So What Does Health Care Look Like in Other Countries?

So, what does health care and insurance look like in other countries? T.R. Reid answers five common misunderstandings about other countries’ health care and insurance systems:

In many ways, foreign health-care models are not really “foreign” to America, because our crazy-quilt health-care system uses elements of all of them. For Native Americans or veterans, we’re Britain: The government provides health care, funding it through general taxes, and patients get no bills. For people who get insurance through their jobs, we’re Germany: Premiums are split between workers and employers, and private insurance plans pay private doctors and hospitals. For people over 65, we’re Canada: Everyone pays premiums for an insurance plan run by the government, and the public plan pays private doctors and hospitals according to a set fee schedule. And for the tens of millions without insurance coverage, we’re Burundi or Burma: In the world’s poor nations, sick people pay out of pocket for medical care; those who can’t pay stay sick or die.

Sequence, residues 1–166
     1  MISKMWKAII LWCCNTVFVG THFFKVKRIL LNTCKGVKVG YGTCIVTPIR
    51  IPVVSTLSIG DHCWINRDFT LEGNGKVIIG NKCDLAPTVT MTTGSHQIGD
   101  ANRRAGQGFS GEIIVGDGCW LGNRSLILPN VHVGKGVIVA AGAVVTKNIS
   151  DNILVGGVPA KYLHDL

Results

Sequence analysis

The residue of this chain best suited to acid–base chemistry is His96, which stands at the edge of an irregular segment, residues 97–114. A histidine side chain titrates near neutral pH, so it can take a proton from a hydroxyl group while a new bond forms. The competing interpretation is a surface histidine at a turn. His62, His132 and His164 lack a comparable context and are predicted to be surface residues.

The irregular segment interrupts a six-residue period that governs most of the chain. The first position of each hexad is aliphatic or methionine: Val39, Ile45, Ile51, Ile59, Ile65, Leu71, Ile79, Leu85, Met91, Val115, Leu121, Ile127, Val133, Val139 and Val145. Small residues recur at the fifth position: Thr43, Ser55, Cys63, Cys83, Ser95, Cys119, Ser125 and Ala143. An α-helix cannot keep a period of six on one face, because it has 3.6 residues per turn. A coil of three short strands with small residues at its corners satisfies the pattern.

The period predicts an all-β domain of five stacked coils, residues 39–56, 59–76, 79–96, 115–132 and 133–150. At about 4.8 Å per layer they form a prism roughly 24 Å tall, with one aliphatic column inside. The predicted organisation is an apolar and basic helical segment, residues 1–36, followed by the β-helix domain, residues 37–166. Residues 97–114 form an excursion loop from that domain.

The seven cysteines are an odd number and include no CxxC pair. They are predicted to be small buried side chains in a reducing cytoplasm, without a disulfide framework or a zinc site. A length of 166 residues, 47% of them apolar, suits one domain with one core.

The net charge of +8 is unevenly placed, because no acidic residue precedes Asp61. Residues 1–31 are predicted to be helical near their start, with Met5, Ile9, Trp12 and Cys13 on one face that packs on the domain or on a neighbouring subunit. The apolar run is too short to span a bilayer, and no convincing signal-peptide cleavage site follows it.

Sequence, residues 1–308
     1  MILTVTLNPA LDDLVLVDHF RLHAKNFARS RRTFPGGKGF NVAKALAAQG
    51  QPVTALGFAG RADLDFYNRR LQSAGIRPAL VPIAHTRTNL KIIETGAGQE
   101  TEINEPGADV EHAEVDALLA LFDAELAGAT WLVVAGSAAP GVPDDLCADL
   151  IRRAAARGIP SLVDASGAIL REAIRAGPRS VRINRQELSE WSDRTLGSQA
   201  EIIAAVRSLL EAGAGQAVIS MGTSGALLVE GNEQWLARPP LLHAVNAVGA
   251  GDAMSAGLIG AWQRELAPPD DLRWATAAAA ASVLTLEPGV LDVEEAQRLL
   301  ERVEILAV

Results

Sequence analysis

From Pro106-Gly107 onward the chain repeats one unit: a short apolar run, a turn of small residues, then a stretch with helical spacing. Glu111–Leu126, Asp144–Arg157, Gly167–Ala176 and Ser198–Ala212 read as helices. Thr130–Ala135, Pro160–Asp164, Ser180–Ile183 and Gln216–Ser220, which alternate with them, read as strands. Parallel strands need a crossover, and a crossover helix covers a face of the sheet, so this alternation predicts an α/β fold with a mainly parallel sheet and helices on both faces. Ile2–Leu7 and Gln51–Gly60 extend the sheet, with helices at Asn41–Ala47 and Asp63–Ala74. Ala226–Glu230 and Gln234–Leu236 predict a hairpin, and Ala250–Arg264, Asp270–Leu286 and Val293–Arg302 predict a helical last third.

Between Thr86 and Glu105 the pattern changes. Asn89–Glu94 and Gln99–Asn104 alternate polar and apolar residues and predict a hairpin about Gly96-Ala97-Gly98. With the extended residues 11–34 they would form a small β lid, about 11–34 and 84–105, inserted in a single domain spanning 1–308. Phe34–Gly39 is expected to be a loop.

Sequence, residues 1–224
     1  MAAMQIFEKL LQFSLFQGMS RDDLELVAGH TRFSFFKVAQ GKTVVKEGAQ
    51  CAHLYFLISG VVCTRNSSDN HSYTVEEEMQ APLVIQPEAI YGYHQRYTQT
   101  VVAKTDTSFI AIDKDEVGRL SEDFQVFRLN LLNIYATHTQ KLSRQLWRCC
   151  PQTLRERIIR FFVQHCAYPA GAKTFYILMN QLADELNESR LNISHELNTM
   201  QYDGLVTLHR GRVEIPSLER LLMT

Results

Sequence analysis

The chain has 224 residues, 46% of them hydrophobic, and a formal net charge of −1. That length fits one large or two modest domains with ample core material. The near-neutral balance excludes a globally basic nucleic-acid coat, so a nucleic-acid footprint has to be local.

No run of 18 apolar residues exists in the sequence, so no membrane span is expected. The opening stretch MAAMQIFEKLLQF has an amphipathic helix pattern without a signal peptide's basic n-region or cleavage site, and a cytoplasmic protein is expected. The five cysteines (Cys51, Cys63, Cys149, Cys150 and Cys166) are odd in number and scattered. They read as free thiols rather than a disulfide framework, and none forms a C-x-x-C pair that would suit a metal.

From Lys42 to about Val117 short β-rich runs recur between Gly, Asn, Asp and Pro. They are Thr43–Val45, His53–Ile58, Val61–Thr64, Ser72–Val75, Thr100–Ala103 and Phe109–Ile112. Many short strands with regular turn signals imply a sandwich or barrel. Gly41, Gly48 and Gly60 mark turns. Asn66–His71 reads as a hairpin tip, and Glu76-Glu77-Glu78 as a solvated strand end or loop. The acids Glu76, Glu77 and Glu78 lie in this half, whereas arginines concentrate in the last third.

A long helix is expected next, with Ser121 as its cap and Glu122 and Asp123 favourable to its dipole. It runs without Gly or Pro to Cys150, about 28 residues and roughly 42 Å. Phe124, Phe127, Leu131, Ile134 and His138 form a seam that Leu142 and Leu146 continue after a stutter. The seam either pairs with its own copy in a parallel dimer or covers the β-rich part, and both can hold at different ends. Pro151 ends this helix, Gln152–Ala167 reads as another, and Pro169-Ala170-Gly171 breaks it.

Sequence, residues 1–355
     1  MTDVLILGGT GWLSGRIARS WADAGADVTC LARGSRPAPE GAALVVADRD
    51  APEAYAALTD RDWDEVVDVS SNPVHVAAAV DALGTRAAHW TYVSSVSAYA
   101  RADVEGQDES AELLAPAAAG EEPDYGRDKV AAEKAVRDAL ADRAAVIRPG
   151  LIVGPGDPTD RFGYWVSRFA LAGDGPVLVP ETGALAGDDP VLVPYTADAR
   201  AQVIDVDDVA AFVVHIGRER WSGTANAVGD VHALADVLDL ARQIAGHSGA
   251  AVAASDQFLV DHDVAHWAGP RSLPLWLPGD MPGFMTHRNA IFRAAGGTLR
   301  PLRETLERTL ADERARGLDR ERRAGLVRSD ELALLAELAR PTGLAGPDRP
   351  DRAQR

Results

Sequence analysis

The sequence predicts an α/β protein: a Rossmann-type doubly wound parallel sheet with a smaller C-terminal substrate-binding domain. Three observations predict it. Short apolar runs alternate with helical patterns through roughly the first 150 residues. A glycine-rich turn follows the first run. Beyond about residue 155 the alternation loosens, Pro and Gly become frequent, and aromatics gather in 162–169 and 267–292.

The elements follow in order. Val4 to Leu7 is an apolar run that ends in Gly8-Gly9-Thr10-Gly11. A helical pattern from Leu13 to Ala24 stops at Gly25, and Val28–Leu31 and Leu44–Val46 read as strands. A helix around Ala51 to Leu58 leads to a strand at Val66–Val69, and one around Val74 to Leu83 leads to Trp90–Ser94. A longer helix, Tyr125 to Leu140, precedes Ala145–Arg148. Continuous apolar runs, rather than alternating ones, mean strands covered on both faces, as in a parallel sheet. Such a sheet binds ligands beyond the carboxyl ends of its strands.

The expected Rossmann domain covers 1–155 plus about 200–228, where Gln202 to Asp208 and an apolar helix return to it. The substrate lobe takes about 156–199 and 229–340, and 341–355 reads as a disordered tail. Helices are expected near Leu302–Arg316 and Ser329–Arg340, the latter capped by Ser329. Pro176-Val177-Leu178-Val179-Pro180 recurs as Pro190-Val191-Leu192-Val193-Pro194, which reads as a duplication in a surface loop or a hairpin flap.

For some more myths about health care reform, you can visit FactCheck.org (a site which is routinely name-checked by honest people of both parties) or CNN Fact Check on President Obama’s address tonight.

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